PITTSBURGH--Barbara Liskov, a pioneer in programming languages and distributed systems, and Scott Klemmer, whose human-centered approach is changing the way online systems are designed, are recipients of the fourth annual Katayanagi Prizes in Computer Science.
The prizes honor the best and the brightest in the field of computer science and are presented annually by Carnegie Mellon University in cooperation with the Tokyo University of Technology (TUT). The prizes are endowed by Japanese entrepreneur and education advocate Koh Katayanagi, who founded TUT and several technical institutions in Japan.
Liskov, Institute Professor at the Massachusetts Institute of Technology and head of the programming methodology group in MIT's Computer Science and Artificial Intelligence Laboratory, will receive the Katayanagi Prize for Research Excellence. The award recognizes an established researcher with a record of outstanding, sustained achievement. It includes a $10,000 honorarium.
Klemmer, associate professor of computer science at Stanford University, where he co-directs the Human-Computer Interaction Group, will receive the Katayanagi Emerging Leadership Prize. This honors a researcher who demonstrates leadership promise in the field. It includes a $5,000 honorarium.
"Both the winners are internationally recognized researchers and they have made outstanding contributions to computer science," said Michiko Kuroda, dean of the TUT School of Computer Science. "I am convinced that their awards enhance the value and authority of the Katayanagi Prize, and these awards will give a significant stimulus to academic and professional activities in computer science and technology."
Klemmer will accept his award and present a public lecture, "The Power of Examples," at 4 p.m., Oct. 13 in the Rashid Auditorium, located on the fourth floor of the Gates and Hillman centers. The talk will examine how examples provide inspiration for designers and will explore the implications of online media, which offer an unprecedented diversity and number of examples. Klemmer's research group has developed tools for harvesting and synthesizing examples and providing them to programmers and end users in such a way as to empower both audiences to creatively design new user interfaces and software programs.
Liskov will accept her award and present a public lecture at 4 p.m., Nov. 10, also in the Rashid Auditorium.
"Barbara Liskov has made many fundamental contributions to computer science, including the development of several important programming languages, new theories of object-oriented programming and important algorithms for managing distributed systems," said Randal E. Bryant, dean of the Carnegie Mellon School of Computer Science. In 2008, the Association for Computing Machinery (ACM) recognized those achievements by presenting her the A.M. Turing Award, widely considered computer science's equivalent of the Nobel Prize.
Her work has made software more reliable and easier to maintain. Among her contributions is the Liskov Substitution Principle (LSP), which she formalized in 1994 with Jeannette Wing, now head of Carnegie Mellon's Computer Science Department. Programmers routinely define new types of objects from existing ones, such as through class hierarchies in languages such as Java or C#. LSP characterizes when it is safe to substitute an object of a subtype for an object of the parent type, thus preventing strange behaviors when the program is run.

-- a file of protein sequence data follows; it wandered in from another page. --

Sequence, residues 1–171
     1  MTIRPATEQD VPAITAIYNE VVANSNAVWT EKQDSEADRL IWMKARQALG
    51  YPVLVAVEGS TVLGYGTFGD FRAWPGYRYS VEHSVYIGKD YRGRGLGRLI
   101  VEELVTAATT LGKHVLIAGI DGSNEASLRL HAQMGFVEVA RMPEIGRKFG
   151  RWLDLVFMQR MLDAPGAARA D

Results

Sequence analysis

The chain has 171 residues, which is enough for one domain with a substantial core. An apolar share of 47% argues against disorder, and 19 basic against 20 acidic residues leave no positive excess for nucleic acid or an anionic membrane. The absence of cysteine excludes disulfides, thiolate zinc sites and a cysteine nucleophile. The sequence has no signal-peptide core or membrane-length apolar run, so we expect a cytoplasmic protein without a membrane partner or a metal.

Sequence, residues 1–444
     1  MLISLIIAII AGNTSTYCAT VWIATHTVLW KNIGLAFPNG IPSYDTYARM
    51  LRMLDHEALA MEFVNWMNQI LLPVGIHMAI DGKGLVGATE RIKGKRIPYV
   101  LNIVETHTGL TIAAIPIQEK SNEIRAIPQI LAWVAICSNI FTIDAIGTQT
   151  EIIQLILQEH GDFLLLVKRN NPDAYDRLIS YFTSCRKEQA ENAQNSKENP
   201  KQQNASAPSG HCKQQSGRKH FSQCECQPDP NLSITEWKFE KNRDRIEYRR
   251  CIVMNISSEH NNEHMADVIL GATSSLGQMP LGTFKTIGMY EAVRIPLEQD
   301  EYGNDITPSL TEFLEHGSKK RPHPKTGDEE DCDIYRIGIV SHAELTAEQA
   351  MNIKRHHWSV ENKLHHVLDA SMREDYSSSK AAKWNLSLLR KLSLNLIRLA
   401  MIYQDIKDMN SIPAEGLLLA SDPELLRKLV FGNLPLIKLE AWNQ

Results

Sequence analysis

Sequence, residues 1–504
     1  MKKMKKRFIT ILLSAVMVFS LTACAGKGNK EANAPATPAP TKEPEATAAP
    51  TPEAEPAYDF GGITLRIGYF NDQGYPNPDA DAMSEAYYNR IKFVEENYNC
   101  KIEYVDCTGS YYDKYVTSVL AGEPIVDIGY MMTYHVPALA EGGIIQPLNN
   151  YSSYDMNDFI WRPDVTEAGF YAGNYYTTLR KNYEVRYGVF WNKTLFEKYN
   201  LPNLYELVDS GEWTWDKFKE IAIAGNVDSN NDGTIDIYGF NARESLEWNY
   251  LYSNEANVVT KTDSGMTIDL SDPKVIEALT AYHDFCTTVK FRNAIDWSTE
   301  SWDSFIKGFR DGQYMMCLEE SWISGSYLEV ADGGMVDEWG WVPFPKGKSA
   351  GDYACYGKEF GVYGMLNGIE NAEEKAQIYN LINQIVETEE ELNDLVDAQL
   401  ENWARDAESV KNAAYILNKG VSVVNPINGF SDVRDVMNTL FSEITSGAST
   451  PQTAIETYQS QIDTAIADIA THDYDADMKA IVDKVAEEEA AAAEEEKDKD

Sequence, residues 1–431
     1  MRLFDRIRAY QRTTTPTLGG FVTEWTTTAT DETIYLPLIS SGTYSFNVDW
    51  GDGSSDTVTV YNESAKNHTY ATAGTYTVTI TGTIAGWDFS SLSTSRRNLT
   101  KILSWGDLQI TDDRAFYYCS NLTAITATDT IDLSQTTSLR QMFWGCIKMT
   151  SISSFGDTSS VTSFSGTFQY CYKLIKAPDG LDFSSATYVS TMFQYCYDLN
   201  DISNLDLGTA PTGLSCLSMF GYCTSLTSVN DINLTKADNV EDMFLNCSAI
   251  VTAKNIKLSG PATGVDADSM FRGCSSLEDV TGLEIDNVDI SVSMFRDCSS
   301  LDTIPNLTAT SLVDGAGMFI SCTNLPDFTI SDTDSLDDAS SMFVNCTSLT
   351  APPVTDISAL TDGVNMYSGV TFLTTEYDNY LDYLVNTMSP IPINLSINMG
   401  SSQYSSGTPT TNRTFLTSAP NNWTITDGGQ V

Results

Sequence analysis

In addition to the Turing Award, Liskov was the recipient of the IEEE John von Neumann Medal in 2004. She is a Fellow of the ACM and the American Academy of Arts and Sciences and a member of the National Academy of Engineering. She was the first U.S. woman to receive a Ph.D. from a computer science department, which she earned at Stanford in 1968.
Klemmer joined the Stanford faculty in 2004, after earning his Ph.D. in computer science at the University of California, Berkeley. "Scott Klemmer is considered to be one of the rising stars in human-computer interaction," Bryant said. "He is best known for his work investigating how software tools can increase the quality of people's creative work -- especially the quality of interface design and programming.
"Klemmer's work brings together approaches from computer science, design and psychology to increase creativity in populations as diverse as novice webpage makers, interface designers, and expert programmers. Organizations around the world use his lab's open-source design tools and curricula," Bryant said.
In addition to the Katayanagi Prize, Klemmer is the recipient of such honors as the Sloan Fellowship, National Science Foundation CAREER Award and Microsoft Research New Faculty Fellowship.
For more information, visit the Katayanagi Prize website, http://www.
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About Carnegie Mellon University: Carnegie Mellon (www.cmu.edu) is a private, internationally ranked research university with programs in areas ranging from science, technology and business, to public policy, the humanities and the arts. More than 11,000 students in the university's seven schools and colleges benefit from a small student-to-faculty ratio and an education characterized by its focus on creating and implementing solutions for real problems, interdisciplinary collaboration and innovation. A global university, Carnegie Mellon's main campus in the United States is in Pittsburgh, Pa. It has campuses in California's Silicon Valley and Qatar, and programs in Asia, Australia, Europe and Mexico. The university is in the midst of a $1 billion fundraising campaign, titled "Inspire Innovation: The Campaign for Carnegie Mellon University," which aims to build its endowment, support faculty, students and innovative research, and enhance the physical campus with equipment and facility improvements.